Steamboat Springs City Council to set future goals at facilitated retreat
December 19, 2013
Steamboat Springs — Local musician, motivational speaker and business coach Todd Musselman soon will spend several hours helping the Steamboat Springs City Council hash out some goals and a long-term strategic vision.
It will be the first time in recent years the council has turned to a facilitator for help with such planning.
"I think it’s a vital tool for a lot of groups and businesses," council member Tony Connell said Thursday about a facilitated strategic planning session.
Connell is one of the council members who was most supportive of turning to a facilitator for the help.
He said his experiences with facilitators at his own business and through his work on the board of directors for the Yampa Valley Medical Center have been very valuable.
"Casey’s Pond really happened pretty quickly, and it really came out of strategic planning and vision sessions," he said.
Musselman, who has helped to coach companies ranging from Coors to SmartWool, will meet with the council during a public retreat next year on a date that has yet to be determined.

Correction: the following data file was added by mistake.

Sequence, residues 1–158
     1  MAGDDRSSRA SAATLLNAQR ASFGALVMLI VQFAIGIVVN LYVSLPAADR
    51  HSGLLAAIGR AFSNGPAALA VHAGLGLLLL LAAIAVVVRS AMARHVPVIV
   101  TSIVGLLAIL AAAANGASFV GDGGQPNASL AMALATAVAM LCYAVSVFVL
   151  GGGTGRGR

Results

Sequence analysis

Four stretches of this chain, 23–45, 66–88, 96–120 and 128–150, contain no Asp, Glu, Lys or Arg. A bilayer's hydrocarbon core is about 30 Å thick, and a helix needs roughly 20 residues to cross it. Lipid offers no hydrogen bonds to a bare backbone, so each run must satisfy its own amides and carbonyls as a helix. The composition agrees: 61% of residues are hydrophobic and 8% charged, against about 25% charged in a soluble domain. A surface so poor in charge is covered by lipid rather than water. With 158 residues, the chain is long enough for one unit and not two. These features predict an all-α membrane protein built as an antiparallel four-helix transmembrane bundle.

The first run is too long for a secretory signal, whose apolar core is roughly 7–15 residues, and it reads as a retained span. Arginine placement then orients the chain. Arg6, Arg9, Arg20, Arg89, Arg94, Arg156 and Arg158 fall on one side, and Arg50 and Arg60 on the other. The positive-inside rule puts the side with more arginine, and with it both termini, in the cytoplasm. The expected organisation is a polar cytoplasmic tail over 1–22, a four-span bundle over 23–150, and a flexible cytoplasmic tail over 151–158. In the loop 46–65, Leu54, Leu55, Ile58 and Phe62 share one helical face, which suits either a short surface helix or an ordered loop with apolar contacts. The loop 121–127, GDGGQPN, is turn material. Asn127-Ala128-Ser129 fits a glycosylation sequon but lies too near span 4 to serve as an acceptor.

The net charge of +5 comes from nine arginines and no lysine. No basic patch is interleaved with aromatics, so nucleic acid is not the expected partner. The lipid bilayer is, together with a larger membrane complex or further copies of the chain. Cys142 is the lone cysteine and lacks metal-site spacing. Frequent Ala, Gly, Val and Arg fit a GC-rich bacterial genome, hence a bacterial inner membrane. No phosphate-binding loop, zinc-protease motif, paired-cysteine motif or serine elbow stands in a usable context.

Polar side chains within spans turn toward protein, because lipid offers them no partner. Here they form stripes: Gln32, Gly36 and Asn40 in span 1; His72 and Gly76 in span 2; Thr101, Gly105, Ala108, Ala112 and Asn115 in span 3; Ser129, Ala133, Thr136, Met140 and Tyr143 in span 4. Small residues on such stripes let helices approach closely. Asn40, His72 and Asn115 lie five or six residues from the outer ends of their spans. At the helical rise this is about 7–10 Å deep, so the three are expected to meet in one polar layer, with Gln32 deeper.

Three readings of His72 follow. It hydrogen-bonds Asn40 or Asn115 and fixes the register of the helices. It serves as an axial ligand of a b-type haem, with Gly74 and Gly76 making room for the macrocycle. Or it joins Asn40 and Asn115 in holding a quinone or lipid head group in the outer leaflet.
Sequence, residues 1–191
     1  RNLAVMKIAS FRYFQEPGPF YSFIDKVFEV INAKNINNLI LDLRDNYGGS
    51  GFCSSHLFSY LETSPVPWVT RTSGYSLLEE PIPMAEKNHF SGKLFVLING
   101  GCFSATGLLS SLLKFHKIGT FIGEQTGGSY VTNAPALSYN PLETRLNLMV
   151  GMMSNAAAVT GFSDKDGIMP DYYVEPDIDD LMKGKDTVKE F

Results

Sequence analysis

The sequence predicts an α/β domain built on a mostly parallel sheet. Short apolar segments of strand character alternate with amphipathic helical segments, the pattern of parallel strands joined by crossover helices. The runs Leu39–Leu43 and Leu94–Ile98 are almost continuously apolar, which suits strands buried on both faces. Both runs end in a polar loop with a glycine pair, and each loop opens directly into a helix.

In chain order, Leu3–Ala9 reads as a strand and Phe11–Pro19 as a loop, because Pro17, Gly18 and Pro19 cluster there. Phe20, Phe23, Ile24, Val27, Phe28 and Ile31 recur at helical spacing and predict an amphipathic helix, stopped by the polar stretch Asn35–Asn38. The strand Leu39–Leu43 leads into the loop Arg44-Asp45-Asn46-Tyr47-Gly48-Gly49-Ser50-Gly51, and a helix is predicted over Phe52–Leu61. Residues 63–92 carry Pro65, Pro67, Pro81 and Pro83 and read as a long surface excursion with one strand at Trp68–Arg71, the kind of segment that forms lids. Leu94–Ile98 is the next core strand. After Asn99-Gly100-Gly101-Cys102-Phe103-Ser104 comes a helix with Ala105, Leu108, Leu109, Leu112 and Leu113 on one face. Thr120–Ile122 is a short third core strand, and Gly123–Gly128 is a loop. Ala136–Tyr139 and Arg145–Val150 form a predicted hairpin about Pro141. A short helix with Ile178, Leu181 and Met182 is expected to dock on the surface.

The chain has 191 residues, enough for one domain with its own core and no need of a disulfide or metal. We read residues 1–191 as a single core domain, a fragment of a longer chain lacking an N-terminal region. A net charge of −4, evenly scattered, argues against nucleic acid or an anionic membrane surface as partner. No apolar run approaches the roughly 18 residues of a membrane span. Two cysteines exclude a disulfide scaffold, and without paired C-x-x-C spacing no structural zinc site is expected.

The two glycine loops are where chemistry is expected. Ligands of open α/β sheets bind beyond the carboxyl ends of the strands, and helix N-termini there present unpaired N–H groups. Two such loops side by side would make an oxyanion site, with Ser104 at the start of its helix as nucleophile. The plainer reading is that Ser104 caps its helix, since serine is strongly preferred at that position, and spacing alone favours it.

To prepare for the retreat, council members will be interviewed and asked to fill out an extensive questionnaire.
The city has budgeted to spend as much as $2,500 for the planning session and the prep work.
Musselman is the head of Timberline Leadership, a strategic planning organization. He has more than 25 years of experience, according to his resume.
The decision to hire a facilitator came after the council debated whether such a retreat would be useful for a body that has the potential of heavy turnover every couple of years.
The planning retreat will come during what is shaping up to be a potentially busy year for the newly seated council.
Early in the year, the council is expected to continue weighing the city’s plan to build a new police station.
The council also will appoint the new lodging tax steering committees that will help to prioritize the spending of millions of dollars on trails and the Yampa River Promenade in coming years.
Longer-term, steady gains in sales tax revenue could present new opportunities and challenges for the city and the current council.
Connell said he is hopeful the strategic planning can help the council "get ahead of the curve" on some issues instead of "waiting for the next emergency."
"I think if we frame things with the taxpayer and our guests in mind, and we’re always looking at the reason we’re doing it, I think we’ll make the right decisions," Connell said.